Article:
Reading Matters: Sharing books with young children

75% of brain development occurs in the first two years of life and reading aloud to children from birth has enormous benefit. It introduces babies to the structure and rhythm of language, forming the building blocks for reading and writing. This early experience will shape their future social, communication and learning skills. As they move to the toddler years and beyond, reading helps to develop their vocabulary, listening skills, concentration, stimulates their imagination, exposes them to new situations and supports their emotional development.

10 top tips for reading aloud with young children:

• Read aloud

Literally from birth, get into the habit of reading to your child daily if possible. This will also help to strengthen your relationship with your child. In many families reading time may be the only really calm moment in the day so make time for it and savour it.

• Reading anytime, anywhere

Listening to stories should not always be a passive experience just saved for bedtime. Whilst reading at bedtime helps to calm children down, try to read at different times of day, particularly over weekends or on holiday. Travelling is a great time to play audio books.

• Bring the book to life

As much as possible, particularly if you have a young child who has difficulty focusing for more than a few seconds, make the book sound as exciting as possible. Involve your child in the reading of the story by using props, sound effects, funny voices, exaggerated expression, predicting what might happen next. Let them take on different characters and help with any rhyme or repetition.

• The right book

It is so important to select the right book for your child. Every time your child really enjoys the experience of listening to a story they will be excited. If the book is uninspiring or they don't even like the 'look' of a book this will definitely affect their enjoyment and attitude towards reading.

• Range of genres

Expose your children to a full range of different genres. Parents tend to read a lot of fiction to young children but many (especially boys) prefer non-fiction books linked to something they are interested in. They need to experience the different formats and structures of texts e.g. poetry, play, diary entry, recipe etc.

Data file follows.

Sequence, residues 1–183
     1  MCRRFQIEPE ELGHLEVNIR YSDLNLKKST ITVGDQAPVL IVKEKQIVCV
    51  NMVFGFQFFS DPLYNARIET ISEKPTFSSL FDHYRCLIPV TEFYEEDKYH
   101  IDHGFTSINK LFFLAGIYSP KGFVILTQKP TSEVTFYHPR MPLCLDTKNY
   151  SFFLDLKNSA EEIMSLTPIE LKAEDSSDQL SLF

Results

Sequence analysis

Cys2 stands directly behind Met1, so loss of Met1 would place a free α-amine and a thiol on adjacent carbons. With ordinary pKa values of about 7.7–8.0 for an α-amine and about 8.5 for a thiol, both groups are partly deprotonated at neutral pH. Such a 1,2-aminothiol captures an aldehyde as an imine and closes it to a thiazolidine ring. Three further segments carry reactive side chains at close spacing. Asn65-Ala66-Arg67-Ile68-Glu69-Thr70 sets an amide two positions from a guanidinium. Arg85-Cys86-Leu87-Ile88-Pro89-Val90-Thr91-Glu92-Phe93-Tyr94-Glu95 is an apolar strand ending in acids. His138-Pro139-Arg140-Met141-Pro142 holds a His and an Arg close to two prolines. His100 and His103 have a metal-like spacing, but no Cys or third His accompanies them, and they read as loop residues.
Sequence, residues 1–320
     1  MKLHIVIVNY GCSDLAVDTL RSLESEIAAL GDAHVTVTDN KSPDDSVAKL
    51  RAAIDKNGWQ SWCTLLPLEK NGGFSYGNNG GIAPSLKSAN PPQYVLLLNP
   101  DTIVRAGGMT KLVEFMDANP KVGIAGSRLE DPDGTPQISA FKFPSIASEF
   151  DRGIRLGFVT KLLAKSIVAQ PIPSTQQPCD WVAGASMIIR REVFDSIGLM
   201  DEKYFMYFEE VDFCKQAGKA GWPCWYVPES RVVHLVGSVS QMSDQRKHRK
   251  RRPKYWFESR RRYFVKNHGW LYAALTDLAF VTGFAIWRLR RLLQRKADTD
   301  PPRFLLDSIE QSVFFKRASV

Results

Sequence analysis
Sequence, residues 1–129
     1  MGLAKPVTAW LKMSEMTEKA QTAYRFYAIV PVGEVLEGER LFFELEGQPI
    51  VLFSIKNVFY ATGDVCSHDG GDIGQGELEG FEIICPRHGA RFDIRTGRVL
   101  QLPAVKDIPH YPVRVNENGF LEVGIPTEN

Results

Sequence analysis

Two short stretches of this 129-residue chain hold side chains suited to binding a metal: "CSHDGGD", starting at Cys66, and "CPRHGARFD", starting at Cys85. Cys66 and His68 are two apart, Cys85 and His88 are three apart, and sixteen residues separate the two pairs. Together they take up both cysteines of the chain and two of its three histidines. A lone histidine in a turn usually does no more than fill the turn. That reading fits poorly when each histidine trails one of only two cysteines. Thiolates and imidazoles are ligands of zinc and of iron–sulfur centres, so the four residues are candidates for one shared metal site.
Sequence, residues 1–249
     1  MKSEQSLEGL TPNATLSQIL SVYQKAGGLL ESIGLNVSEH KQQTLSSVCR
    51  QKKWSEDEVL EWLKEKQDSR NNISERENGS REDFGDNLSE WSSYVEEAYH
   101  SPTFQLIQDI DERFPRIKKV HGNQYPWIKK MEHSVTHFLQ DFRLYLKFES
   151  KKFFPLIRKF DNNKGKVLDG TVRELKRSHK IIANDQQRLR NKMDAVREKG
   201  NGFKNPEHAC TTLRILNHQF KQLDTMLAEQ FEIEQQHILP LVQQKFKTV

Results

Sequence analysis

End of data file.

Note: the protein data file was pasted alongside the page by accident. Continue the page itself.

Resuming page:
• Developing preferences

Many young children don't need much encouragement to develop a preference for a particular book. They may become obsessed with one book and want it to be read repeatedly every night for months. One way round this is for parents to allow the child to pick one book to read each day and the parent also chooses one.

• Reading from memory

Encourage children to read from memory or pretend to read. Even if they are not actually reading the words on the page, they are experimenting with what it feels like to be a reader. Encourage and praise that as much as possible. They may also like to 'read' the book just by looking at the illustrations.

• Comprehension

From a young age, get children into the habit of talking about a book once it has been read. 50% of learning to read is about decoding but the other 50% is comprehension. Be understanding of their mood but when possible and they are really engaged in a story, ask questions like: What did you think of the story? Which bit did you like best? How do you think... feel when... happened? Can you retell the story?

• 80% of parenting is modelling

A scary thought but children really are watching and taking in everything you do. How often do children actually see their parents reading and enjoying reading anything other than a screen? This is particularly important for fathers and sons. Ensure your child does sometimes see you enjoying reading for pleasure.

• The conventions of print

Sharing books with children teaches them a huge amount about the physical features of how books work, long before they formally learn to decode words on a page. Reading aloud to your child teaches them simple concepts like: Distinguishing between front and back, beginning and end. Understanding the directionality of print (left to right, top to bottom). Knowing that print carries meaning.

Parents play a hugely important role inspiring children to be readers and instilling in them a love of books. Most children do eventually learn to read but not all children become readers. Literacy is one of the most important tools for living so start young and try to keep it fun and non pressured.

By Rachel Vecht – Director of Educating Matters

Educating Matters provide seminars, webinars, courses and one-to-one consultations for parents/carers in the workplace, schools, homes and remotely. Covering a wide range of education and parenting related topics.

www.educatingmatters.co.uk

‘Parents are a child’s first and most important teacher’